"Twenty-two, and knowing no one, Tess leaves home to begin her adult life in New York City. Thus begins a year that is both enchanting and punishing, in a low-level job at 'the best restaurant in New York City.'”
The book is true to its title: a smart, delicious, coming-of-age tale about a young woman already drunk on the idea of New York before her true education begins. And, yes, I devoured it. Better yet, the novel doesn’t flail at the end, the sinkhole of many writers, novice and veteran ... Sweetbitter is not a story of love but of lust and abandonment and thrashing about to satisfy appetite in inappropriate places. The triangle formed by Simone and Tess and Jake is bound for ruin. Rather than a romance, Danler has created something far more interesting: a sexy, sweaty book of sensory overload.
Stephanie Danler’s first novel, Sweetbitter, is the Kitchen Confidential of our time, written from the cleaner and infinitely more civilized front-of-the-house perspective...It would be a tired story if it weren’t so, well, for one thing true and for another so brilliantly written. A coked-out girl who sees the sun come up as many times as Tess does might cause her writer to run out of metaphors for unwelcome daybreak — 'a dagger of morning prowled outside the open windows,' 'sunrise came like an undisclosed verdict' — but Danler never does, and her description of the panic of the unannounced health department inspection was so engrossing to read, I missed a flight even though I had already checked in and was waiting at the gate.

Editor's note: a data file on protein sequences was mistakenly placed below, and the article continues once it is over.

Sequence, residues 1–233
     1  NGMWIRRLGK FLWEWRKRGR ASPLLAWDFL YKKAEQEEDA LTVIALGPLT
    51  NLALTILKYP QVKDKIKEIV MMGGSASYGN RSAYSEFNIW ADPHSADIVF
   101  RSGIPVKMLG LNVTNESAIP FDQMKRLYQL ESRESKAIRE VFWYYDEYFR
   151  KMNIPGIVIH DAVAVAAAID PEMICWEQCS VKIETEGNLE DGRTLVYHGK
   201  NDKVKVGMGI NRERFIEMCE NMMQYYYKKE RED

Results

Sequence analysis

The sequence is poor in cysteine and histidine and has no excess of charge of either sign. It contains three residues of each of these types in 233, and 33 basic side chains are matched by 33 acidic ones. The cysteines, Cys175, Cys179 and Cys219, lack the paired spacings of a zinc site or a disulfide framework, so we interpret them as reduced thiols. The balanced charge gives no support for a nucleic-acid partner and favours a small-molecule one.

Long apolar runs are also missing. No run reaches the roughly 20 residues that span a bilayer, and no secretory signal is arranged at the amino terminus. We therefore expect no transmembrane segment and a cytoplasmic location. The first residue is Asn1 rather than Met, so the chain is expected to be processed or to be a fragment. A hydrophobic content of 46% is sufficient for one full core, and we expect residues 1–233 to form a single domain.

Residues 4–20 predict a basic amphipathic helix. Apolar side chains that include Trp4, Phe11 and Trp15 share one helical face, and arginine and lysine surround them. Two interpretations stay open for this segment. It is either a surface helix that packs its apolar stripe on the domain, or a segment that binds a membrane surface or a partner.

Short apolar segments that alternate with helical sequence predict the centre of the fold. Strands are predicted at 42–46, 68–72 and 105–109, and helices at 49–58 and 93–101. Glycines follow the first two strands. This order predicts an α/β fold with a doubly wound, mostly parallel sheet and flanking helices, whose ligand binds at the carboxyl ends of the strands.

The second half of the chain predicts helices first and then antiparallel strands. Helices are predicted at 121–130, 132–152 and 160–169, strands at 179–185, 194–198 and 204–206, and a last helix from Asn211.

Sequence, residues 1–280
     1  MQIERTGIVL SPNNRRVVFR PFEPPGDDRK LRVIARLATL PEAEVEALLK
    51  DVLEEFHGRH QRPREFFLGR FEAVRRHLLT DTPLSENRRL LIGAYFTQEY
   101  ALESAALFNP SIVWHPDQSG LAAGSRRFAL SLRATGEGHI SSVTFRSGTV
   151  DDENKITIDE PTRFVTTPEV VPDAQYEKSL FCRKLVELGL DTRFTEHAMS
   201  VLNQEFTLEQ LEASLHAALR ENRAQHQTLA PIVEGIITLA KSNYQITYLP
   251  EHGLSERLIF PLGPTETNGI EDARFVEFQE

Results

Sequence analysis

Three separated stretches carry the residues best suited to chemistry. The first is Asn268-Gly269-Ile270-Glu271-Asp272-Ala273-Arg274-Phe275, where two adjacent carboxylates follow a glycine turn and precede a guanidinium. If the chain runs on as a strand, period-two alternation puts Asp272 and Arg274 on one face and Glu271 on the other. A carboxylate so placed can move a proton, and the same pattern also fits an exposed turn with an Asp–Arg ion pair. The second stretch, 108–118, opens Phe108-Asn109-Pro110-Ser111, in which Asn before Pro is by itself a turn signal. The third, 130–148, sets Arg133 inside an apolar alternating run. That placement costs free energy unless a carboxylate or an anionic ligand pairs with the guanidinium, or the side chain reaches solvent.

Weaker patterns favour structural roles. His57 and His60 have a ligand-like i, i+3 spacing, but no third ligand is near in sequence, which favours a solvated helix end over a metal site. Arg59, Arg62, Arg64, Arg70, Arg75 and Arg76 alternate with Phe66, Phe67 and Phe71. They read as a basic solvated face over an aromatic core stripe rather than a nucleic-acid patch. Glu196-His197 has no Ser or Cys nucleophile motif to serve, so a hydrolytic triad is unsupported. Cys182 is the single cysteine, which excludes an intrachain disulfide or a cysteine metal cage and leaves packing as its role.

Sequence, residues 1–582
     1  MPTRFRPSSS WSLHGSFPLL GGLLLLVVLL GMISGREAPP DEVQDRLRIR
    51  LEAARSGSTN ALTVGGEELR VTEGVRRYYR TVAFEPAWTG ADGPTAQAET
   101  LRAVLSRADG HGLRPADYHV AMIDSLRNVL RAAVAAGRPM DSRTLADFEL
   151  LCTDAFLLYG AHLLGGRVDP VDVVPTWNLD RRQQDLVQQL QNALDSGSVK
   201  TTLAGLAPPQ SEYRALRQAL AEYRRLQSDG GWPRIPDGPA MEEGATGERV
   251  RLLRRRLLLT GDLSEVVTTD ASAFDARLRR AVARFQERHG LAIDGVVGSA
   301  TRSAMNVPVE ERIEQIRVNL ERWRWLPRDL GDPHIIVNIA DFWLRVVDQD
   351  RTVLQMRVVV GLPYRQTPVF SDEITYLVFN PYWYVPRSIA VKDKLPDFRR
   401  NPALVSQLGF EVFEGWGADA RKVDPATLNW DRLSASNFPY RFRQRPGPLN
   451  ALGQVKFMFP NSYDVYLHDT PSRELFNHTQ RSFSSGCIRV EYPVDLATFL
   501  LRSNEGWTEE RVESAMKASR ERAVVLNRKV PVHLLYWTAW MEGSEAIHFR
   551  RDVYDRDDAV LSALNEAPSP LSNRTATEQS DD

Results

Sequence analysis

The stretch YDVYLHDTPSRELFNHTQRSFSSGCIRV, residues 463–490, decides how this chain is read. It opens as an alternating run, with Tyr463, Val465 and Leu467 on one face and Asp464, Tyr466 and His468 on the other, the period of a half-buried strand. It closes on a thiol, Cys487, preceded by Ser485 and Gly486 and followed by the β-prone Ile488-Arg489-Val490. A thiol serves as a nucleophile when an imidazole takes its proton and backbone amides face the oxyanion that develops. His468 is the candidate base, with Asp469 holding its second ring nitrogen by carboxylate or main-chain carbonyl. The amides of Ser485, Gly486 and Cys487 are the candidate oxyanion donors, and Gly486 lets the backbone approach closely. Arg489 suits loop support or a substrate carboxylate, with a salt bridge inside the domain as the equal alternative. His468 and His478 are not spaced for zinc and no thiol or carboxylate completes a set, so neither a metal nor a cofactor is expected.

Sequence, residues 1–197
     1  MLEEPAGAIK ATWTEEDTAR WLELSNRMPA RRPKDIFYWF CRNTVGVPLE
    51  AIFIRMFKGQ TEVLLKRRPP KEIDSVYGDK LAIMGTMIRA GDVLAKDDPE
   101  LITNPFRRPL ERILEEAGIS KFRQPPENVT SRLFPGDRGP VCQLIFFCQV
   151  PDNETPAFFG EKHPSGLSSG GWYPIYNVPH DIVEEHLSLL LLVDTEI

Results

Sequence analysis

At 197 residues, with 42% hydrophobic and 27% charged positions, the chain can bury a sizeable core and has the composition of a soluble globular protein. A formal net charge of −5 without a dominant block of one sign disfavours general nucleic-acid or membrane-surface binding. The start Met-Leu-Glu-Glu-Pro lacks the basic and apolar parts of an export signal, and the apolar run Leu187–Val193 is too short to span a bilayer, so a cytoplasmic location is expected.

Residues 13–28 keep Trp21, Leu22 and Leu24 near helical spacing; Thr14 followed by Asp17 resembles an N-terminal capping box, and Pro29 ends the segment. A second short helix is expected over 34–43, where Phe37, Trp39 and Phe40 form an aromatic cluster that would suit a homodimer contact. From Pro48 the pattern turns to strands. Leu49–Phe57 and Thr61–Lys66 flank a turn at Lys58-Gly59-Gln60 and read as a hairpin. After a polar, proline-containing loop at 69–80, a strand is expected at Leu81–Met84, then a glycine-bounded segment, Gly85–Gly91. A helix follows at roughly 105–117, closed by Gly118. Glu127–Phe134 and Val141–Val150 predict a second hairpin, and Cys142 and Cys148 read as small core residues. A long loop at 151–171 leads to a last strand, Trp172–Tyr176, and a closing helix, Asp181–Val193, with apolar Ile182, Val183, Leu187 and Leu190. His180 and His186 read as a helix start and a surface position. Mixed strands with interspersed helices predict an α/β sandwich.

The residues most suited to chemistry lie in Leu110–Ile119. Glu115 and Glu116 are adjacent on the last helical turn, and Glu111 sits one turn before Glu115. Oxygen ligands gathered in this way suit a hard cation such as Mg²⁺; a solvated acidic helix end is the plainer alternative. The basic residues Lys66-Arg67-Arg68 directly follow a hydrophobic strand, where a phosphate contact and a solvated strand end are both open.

Sweetbitter is a young person's novel, full of the joyful pain that comes from almost-having, a feeling like happiness that would disperse if the object were actually caught...When people mention purple writing, they mean something saturated and embarrassing: something that tries too hard, wants too much, doesn't play it cool. This is a book that tries hard, really hard in a way that is tempting to dismiss; it is voluptuous writing, ripe approaching 'the precipice of rot.' It balances on the edge of too much, too strong, too sentimental, too dramatic, too overdrawn or overwritten. But it works, because that is what it feels like to be young and in a big city: like it's too much, and at the same time not nearly enough.